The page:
Prostate cancer is a growing problem for men in the U.S. as well as in other developed nations around the world. Some 40,000 American men lose their battle with prostate cancer every year—the only cancer more deadly for U.S. men is skin cancer. Age is the primary “risk factor” for developing prostate cancer. One out of every six American men over the age of 40 will develop prostate cancer, while four out of five over 80-years-old will get it. Of course, genes also play a big role. The American Cancer Society reports that a man’s prostate cancer risk doubles if his father or brother has suffered from the disease. Researchers believe a genetic predisposition accounts for as many as 10 percent of all cases of the disease in the U.S.
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McCollum asks FDA to ban triclosan

McCollum asks FDA to ban triclosanU.S. Rep. Betty McCollum (MN-4) and two congressional colleagues are calling on the Food and Drug Administration (FDA) to ban the chemical triclosan, a common ingredient in antibacterial soaps, shampoos, household cleaners and even such products as socks and toys. They've asked for a full review of triclosan to be submitted to Congress by April. The co-sponsors are US Reps. Louise Slaughter of New York and Raul Grijalva of Arizona.


Dr. David Wallinga, director of the food and health program at the Institute for Agriculture and Trade Policy, says that for years the scientific community has expressed concern over triclosan contributing to the creation of antibiotic-resistant bacteria, so-called "superbugs."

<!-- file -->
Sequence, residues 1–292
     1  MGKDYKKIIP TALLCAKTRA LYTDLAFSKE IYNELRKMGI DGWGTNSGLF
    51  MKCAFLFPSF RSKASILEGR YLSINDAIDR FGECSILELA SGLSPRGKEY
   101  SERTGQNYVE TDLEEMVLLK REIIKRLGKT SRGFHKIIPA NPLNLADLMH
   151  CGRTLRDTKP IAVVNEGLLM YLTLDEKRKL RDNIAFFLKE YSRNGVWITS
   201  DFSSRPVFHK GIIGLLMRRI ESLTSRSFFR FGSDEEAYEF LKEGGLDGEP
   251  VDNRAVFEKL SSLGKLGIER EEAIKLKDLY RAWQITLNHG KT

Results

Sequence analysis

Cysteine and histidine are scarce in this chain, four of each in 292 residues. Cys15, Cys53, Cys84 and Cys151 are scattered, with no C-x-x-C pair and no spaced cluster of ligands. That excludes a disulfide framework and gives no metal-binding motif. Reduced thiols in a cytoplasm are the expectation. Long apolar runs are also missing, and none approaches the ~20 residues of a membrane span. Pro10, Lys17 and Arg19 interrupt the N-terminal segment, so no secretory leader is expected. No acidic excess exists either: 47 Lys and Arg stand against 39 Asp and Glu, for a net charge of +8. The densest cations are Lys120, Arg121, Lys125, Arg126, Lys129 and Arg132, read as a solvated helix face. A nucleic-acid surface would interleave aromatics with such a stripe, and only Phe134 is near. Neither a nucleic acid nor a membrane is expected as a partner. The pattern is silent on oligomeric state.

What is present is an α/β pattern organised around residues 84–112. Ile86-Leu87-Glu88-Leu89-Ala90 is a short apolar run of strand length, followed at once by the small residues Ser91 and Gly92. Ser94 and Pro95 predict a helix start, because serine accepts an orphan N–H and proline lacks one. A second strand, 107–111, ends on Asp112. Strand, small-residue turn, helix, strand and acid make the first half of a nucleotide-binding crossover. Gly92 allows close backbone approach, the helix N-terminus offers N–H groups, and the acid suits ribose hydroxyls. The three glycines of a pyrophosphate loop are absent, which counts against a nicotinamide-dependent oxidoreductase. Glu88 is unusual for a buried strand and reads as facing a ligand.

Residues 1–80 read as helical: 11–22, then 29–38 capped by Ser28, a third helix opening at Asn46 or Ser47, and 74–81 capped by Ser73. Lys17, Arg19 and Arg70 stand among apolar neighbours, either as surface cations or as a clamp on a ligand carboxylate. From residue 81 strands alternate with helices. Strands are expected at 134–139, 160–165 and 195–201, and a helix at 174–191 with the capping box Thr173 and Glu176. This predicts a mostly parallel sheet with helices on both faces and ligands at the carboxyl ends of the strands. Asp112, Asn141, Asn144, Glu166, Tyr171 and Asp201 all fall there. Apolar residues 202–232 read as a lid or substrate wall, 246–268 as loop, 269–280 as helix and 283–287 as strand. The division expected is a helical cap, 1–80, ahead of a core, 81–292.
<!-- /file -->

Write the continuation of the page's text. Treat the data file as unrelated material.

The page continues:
"Bacteria - bugs around us - are actually quite smart, and exposing them to antibacterials or antimicrobial chemicals helps to make them smarter. So putting an antibacterial or antimicrobial like Triclosan out there in the environment and our waterways unnecessarily is just not a good idea at all," said Wallinga.

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What's for lunch? Nutrition in schools

Most of us will splurge on our diets for a day or two during the holiday, but it's the food offered to Minnesota school children every day that has such organizations as the American Heart Association (AHA) concerned. They join more than a thousand groups that sent a letter to Congress urging them to pass the Healthy, Hunger-Free Kids Act, which would improve nutritional standards for school lunches. The current guidelines were put in place 15 years ago and are seen by many as in need of updating. 

With one in three American children overweight or obese, Rachel Callanan, regional vice president of advocacy for AHA in Minnesota, explains why changes are needed.
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Women and long-term care planning

Women and long-term care planningToday’s women have more lifestyle options than ever before. We consistently assume many important roles – from caring for our loved ones (both young and old) to pursuing vibrant careers and lives. In fact, women are often heralded for their multi-tasking skills.

However, there is one task many of us put on the back burner, and that’s planning for our own futures. When it comes to our home, health and finances, we like to be in control. Understanding and arranging for long-term care is one of the smartest decisions we can make to stay in command of our future. But for too many women, particularly those of African American descent, there is still a great deal of important information we are not familiar with and don’t incorporate into critical planning for our futures.